Nine Propositions to Spark Culture Change

“Culture eats strategy for breakfast” is a quote often attributed to Peter Drucker. It is so true; your best laid plans are for nought if they don’t work with the culture of the organisation. If your strategy and its plans grate against the culture not only will they not have the effect you were hoping for, they may even serve to deepen the culture you are trying to change.

No, we need a different mechanism to adjust corporate culture. We talk about culture as if it were one thing – THE culture. It is simply not like that. By unpicking that assumption with these nine propositions, I hope to bring together ideas that might influence culture to change in the direction you do want it to go.

By the way, I have chosen the term proposition because it implies action. I also believe the propositions to be true, but at the same time acknowledge they are contentious and may not hold the same level of truth for everyone. They are intended to be somewhat provocative though –  hopefully some of their usefulness flows from that very quality. If you don’t find complete truth in them I hope they take you somewhere you do find more truth; something to kick against, to use the management vernacular.


Here are nine propositions to spark culture change:


Culture is the collective set of behaviours and sayings of people in an organisation.


At work people behave in a way that is influenced by a small number of key factors;

  • Who they are – values, beliefs, personality, previous experiences and so on.
  • The situation in which they find themselves – how the hierarchy works and their place in it, how the leaders behave, what rewards and recognition are given, the manner in which they are given, how they get on with their colleagues and so on.
  • The avoidance of discomfort and inconvenience – this can be a powerful ally or an insidious foe.
  • What they want to achieve – personally, socially and emotionally, as well as in their work.
  • How they feel.


Understanding some of the reasons people say the things they say and behave as they do can outline the culture we have and give clues about how to move to the culture we want.

People tend to say and do things that:

  • Help them to fit in: things they think others expect them to say, they have seen others do, or that are popular things to say or ways to behave.
  • Help them to achieve their objectives.
  • Express what they are thinking, feeling and believing.
  • Are driven by their values.
  • Are allowed. There are rarely explicit rules about what you shouldn’t say at work, but everyone quickly picks up on what is frowned upon or an outright taboo.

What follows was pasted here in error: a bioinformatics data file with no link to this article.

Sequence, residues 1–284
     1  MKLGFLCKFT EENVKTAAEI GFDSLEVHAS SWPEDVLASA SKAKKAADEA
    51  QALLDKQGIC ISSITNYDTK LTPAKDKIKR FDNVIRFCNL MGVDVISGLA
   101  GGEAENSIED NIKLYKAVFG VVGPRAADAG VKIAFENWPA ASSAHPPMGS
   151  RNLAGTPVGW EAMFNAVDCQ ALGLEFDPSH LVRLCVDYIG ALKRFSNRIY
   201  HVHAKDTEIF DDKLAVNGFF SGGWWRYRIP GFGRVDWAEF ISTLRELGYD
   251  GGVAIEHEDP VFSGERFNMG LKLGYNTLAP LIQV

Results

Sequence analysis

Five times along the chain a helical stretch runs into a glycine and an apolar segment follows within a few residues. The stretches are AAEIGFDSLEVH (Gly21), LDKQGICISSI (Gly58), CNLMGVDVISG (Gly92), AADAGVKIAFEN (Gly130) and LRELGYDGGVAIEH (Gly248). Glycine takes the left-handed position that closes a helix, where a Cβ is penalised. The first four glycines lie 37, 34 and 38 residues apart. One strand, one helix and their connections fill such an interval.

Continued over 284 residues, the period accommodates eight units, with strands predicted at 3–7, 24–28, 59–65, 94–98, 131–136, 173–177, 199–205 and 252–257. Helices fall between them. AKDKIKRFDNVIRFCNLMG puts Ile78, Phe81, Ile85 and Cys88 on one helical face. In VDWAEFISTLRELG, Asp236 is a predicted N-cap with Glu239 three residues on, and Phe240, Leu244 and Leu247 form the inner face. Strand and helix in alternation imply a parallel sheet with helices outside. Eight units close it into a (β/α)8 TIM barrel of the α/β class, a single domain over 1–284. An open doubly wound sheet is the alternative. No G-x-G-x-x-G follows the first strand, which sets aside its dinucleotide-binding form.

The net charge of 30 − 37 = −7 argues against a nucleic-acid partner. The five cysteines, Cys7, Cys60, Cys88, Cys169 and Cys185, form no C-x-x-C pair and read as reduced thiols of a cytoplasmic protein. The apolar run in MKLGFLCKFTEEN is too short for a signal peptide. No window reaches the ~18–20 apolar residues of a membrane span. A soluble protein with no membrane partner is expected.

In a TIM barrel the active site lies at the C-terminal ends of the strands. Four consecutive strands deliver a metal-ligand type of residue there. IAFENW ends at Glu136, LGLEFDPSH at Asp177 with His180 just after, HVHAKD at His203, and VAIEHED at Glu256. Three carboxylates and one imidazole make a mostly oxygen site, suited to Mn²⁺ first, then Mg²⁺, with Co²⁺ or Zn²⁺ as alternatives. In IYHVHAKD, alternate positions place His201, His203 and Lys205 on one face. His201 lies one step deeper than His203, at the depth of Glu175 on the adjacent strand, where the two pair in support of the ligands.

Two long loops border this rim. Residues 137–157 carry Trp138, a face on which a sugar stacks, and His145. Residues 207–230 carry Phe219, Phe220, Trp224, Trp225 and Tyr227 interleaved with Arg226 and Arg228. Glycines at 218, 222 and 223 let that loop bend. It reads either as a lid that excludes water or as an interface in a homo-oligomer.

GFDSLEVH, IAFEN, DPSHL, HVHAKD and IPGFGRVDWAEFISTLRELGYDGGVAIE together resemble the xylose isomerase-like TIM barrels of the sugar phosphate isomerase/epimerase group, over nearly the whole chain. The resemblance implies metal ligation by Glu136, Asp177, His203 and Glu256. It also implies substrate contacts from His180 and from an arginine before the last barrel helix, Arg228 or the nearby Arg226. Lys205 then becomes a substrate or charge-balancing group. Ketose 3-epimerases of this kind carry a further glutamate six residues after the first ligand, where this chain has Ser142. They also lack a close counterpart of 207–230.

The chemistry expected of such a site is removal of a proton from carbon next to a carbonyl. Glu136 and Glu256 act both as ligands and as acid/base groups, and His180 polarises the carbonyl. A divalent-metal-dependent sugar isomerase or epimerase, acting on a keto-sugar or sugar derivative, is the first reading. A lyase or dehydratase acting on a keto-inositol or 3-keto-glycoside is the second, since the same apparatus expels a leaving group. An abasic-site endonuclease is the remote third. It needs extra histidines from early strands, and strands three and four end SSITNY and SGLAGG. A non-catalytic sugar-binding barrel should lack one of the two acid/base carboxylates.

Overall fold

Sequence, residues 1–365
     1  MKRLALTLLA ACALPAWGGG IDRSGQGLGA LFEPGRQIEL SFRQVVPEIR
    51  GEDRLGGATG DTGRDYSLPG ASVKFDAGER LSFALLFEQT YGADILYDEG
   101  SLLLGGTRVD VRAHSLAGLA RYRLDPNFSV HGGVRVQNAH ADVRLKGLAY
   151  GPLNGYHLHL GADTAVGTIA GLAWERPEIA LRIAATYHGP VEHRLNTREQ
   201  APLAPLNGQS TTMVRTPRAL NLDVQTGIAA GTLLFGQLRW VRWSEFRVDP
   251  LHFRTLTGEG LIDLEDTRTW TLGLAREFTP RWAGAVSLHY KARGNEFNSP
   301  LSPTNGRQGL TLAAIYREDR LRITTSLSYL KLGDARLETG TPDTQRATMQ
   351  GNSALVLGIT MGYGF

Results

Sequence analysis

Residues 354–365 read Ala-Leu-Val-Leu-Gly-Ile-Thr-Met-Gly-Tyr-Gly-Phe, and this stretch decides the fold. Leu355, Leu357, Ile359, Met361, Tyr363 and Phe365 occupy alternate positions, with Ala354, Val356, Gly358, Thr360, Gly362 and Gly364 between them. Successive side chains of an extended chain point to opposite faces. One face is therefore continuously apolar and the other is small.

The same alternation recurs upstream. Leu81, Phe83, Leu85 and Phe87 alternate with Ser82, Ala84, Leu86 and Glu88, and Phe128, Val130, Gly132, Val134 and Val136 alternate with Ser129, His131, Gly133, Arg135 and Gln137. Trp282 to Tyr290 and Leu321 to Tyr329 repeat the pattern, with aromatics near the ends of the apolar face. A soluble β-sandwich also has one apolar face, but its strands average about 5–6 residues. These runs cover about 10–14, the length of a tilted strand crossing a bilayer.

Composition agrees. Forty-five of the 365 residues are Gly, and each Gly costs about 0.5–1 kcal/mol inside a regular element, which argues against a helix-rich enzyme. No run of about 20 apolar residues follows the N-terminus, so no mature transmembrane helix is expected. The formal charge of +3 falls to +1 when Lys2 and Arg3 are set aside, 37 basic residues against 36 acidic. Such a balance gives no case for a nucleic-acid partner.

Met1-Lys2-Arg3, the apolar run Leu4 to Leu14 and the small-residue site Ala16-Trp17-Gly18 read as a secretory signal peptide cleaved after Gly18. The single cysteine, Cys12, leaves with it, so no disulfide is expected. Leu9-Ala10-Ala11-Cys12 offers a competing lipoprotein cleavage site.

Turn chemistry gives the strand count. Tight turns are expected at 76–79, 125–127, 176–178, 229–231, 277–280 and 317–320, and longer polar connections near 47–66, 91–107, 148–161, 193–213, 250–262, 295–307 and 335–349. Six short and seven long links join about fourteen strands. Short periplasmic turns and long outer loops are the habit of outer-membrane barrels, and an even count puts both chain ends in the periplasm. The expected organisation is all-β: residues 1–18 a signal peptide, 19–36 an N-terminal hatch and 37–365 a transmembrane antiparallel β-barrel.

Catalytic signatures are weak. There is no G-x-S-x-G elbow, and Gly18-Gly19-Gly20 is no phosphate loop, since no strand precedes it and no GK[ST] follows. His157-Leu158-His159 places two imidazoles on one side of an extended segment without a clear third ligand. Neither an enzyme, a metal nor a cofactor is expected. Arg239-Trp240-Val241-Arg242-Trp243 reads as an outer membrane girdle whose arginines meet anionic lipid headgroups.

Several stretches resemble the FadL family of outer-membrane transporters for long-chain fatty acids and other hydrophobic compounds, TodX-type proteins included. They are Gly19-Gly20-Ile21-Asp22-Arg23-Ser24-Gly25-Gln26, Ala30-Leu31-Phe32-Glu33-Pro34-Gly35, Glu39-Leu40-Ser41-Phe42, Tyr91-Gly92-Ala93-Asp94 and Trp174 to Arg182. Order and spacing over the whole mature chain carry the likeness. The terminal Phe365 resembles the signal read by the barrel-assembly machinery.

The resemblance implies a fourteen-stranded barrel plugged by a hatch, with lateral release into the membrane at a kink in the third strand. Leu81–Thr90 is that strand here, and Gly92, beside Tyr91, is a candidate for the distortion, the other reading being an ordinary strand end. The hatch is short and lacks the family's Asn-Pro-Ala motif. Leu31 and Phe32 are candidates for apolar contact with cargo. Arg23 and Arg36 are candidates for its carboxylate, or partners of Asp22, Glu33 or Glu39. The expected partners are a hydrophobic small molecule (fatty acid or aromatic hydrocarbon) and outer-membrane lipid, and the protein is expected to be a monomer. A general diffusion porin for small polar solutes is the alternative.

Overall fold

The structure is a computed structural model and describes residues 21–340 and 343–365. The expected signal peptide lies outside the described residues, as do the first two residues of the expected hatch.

• Are not spoken. By this I mean non-verbal communication such as giving the thumbs up or eye rolling that can convey important cultural messages and opinions about people, groups, processes or events.


We cannot change a culture directly because it is too complex to define and creating a culture is not within the power of an individual.

A more pragmatic way forward, assuming you agree with proposition one, is to define the sorts of behaviours and sayings of which you want more, and of which you want fewer.

Here are some key things we can change that are likely to influence the behaviours and sayings of people in an organisation:

  • Tools
  • Processes
  • Environment
  • Expectations
  • Rewards and Recognition
  • The way people are treated
  • The staff themselves (selecting for attitude can be useful in influencing culture. Skills can be taught and knowledge can be learned, after all)


Culture is a function of networks

  • Any organisation has many networks operating within it and across its functional and external boundaries. In one sense, any boundaries perceived within or at the edges of an organisation are purely conceptual; they exist in theory or on paper but in practice, and crucially in the sense of personal and professional networks, they are of limited relevance.
  • If you accept this proposition, who is in what networks and who are the real influencers in and outside an organisation becomes of paramount importance. It may be that some of these networks are already formalised within your organisation as, say, communities of practice or through internal social-professional media. In any case the leaders of these networks are people with influence in your organisation.
  • Whether they have a job title that sounds managerial or not staff in your organisation are looking to these people for leadership. If we support these (informal) leaders to achieve their objectives, their (positively) disruptive tendencies can be helpful in furthering broader cultural aims.
  • That isn’t to say that formal leadership doesn’t have a vital role to play. Without the support of the formal leadership hierarchy, all the way to CEO level, any cultural change is doomed to failure. People still look to formal leaders for setting the core standards and expectations as well as the overall direction of the business.


What leaders say and what they do makes an incalculable difference to culture.

Expanding on that point, many leaders don’t realise the weight carried by their behaviour and what they say. As well as the things leaders do, behaviour can be things they don’t do.

Consider Gruenert and Whitaker’s (2015) astute observation which provides some rich food for thought:

“The culture of any organisation is shaped by

the worst behaviour the leader is willing to tolerate.”

Suppose everyone is meant to turn up for work by 9am and someone arrives at ten past nine. If the leader doesn’t address this failure to comply, a cultural norm has been established that immediately sweeps aside the official rules – a sub-culture has emerged. Suddenly, and without anyone saying anything, it is OK to turn up ten minutes late.

Leaders’ behaviours are infectious – people tend to emulate them – that is why they are leaders. If you are a leader and you think it is OK to ask your staff to behave in a way you do not, think again… “Anyone caught promoting a blame culture will be made an example of!” [sic]. So;

  • What the authority figures in the organisation say and do should be in support of the cultural objectives by recognising, encouraging and, most importantly, demonstrating the behaviours and sayings we want to see more often.
  • Just as importantly, when performance, quality or behaviours are not what we want, we should respectfully and sensitively give honest feedback about that performance, quality or behaviour in a way that allows the recipient to respond and grow (see also proposition 4 – the way people are treated).